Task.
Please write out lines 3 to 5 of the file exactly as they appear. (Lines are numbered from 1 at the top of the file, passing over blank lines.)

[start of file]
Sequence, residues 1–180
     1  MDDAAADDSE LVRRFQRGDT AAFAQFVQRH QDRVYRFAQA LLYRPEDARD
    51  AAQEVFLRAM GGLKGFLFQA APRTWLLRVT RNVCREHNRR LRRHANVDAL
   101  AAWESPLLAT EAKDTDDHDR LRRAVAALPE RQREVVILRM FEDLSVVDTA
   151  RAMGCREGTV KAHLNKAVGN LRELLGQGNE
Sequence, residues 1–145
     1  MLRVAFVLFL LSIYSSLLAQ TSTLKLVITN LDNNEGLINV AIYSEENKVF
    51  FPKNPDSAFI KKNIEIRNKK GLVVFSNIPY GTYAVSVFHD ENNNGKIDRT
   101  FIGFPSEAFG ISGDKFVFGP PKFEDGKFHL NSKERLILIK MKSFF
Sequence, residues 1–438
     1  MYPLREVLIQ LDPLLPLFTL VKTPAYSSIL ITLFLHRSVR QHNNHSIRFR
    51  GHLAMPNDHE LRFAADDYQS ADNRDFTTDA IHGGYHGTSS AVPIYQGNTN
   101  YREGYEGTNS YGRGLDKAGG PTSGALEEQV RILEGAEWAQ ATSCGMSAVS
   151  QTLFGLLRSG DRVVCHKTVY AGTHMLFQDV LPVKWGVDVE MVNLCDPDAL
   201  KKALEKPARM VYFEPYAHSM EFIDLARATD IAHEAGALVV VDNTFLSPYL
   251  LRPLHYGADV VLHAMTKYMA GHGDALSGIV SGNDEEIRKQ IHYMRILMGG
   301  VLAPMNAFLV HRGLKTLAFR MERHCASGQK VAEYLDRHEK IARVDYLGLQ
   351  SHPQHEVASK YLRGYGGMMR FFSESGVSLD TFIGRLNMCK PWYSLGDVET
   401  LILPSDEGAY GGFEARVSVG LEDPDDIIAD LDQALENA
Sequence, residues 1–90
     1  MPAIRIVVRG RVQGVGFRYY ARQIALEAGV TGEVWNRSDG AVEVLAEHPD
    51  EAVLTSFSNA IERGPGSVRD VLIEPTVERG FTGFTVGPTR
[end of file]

    51  AAQEVFLRAM GGLKGFLFQA APRTWLLRVT RNVCREHNRR LRRHANVDAL
   101  AAWESPLLAT EAKDTDDHDR LRRAVAALPE RQREVVILRM FEDLSVVDTA
   151  RAMGCREGTV KAHLNKAVGN LRELLGQGNE